Across Bali to Pemuteran

We have been spending some time in Pemuteran on the north west coast of Bali. I meant to post this a few days ago, but the internet connectivity was not up to it.

Going from Ubud to Pemuteran, we spent the bulk of the day travelling over the peak of the island. Even the main road is narrow and winding, and full of people on scooters. It was a slow and relaxed kind of trip.

It was pretty to drive through. We passed lots of terraced fields, villages and rainforest. The mountains here are not especially high, but they are very steep, and cut by deep gorges.

Sengak monkey temple

Along the way, we stopped at Sengak monkey temple for the boys to have a look. Balinese temples are fairly open with lots of courtyards. There were tall trees growing all around the temple, and in places, up through the courtyard and walls. It was very picturesque, with a ‘lost temple’ feel to it.

The guide told us there were six hundred macaques living there. He carried a small pouch filled with leaves for them to eat. If they got to be too much, he also carried a small slingshot.

They were pretty cute and funny. They would jump up onto our shoulders and heads to be fed. We were surprised to notice that they smelled a lot like horses. We had lots of fun there.

After leaving the monkey temple, we went over the heights of the island. The clouds covered the mountain tops. There was a lot of jungle. In the middle of the central mountains are several large shallow lakes. We took a break to look out over Lake Tamblingam and Lake Buyan. After a rest, we wound our down the other side to Pemuteran.

Looking over Lake Tamblingam

Pemuteran lies on a thin strip of beach on a shallow, very protected bay. There are lots of reefs around here, including an artificial one. There is also a program, which we haven’t explored yet, for protecting turtle nesting sites in the area.

Steep hills and cliffs lie just behind the beach. It looks like the sea used to wash against them, slowly eroding them into the thin, flat strip of land we see today. I wonder what will be here a hundred years from now. A sea level rise of half a metre would see the waves lapping at the base of the cliffs again.

Unusually for us, we are spending our time here at a resort. It is very expensive by local standards. We are living in the archetypal tropical island paradise so often fantasised about in popular imagery.

The immaculate lawn outside our air conditioned villa is covered each day in a spray of freshly fallen frangipani flowers. Walking down a well maintained path, I can sit at the bar next to the pool, and gaze down the black volcanic sands of the beach. In front of me, traditional style outrigger canoes ply the reefs of the Flores Sea. Behind me, jungle clad hills reach to the sky, swathed in cloud.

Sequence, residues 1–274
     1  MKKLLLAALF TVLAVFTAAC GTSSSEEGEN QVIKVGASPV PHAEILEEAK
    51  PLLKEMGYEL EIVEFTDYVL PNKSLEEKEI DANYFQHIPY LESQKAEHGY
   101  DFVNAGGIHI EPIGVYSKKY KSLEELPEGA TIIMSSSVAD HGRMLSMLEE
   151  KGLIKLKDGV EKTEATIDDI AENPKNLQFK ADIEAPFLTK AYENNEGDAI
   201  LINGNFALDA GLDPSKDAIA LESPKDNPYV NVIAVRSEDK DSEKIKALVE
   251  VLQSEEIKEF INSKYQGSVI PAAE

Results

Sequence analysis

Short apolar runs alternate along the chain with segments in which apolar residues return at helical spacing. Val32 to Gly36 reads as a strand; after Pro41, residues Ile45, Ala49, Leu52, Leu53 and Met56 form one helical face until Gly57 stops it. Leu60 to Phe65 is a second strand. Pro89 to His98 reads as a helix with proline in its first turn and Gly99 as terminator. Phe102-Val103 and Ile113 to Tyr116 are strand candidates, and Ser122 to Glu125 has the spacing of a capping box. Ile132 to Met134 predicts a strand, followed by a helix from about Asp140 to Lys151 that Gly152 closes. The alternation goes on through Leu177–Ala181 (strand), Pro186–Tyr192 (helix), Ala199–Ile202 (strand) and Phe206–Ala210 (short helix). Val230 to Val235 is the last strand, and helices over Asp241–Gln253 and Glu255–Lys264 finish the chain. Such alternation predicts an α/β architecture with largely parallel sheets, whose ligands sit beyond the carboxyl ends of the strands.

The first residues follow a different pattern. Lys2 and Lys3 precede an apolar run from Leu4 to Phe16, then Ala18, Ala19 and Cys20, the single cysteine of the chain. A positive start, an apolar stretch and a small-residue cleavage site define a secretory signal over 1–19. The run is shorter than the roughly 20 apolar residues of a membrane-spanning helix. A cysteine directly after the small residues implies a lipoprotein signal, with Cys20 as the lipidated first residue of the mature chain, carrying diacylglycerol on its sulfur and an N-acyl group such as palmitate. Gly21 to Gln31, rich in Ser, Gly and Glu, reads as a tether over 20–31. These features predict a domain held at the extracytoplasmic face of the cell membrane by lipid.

The beach at Pemuteran

Delightful as all of this is, it is a jarringly unlike what I see when I set foot outside the gate.

Pemuteran is a noticeably poorer area than Ubud. The straight road into town is uncommonly broad with fast moving traffic. There is a constant need to walk in the stinking mud on the side to get anywhere. It leads past a number of tumbledown concrete and bamboo compounds. They are full of dirt, rubbish, and rangy chooks. My wife watched some people slaughter a pig in an amateurish kind of fashion in their yard today.

Such a stark contrast is a strangely dissatisfying experience. I am not sure how I feel about it.

Lucky, I guess.

About Blokeschool

I am a homeschooling dad with a wife and two boys. I'm not quite sure what I'm doing, so I feel compelled to write it all down. In my spare time, I work as a manager for the local health district, drink too much coffee, and am an overenthusiastic martial artist.
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4 Responses to Across Bali to Pemuteran

  1. I felt the same way when we went to the Dominican Republic. It was tough to enjoy the beauty around me when outside the gates, there where shacks (boxes) where people lived. Agreed. Lucky, may be the only word fitting.

    • Blokeschool says:

      Yes, the difference between the physicality of the place, and the lifestyle of the people who live there is really something. We all certainly now have a renewed appreciation for how good our life is.

  2. hicamie says:

    What an adventure! The monkeys sound fun. Watching a pig get slaughtered, not so much. I know it is tough for us to see the really poor areas here in Peru.

    • Blokeschool says:

      It certainly can be confronting. In a sense, I find it quite a driver not to waste the priveledge and opportunity which has fallen into my lap by virtue of being born in the right place.

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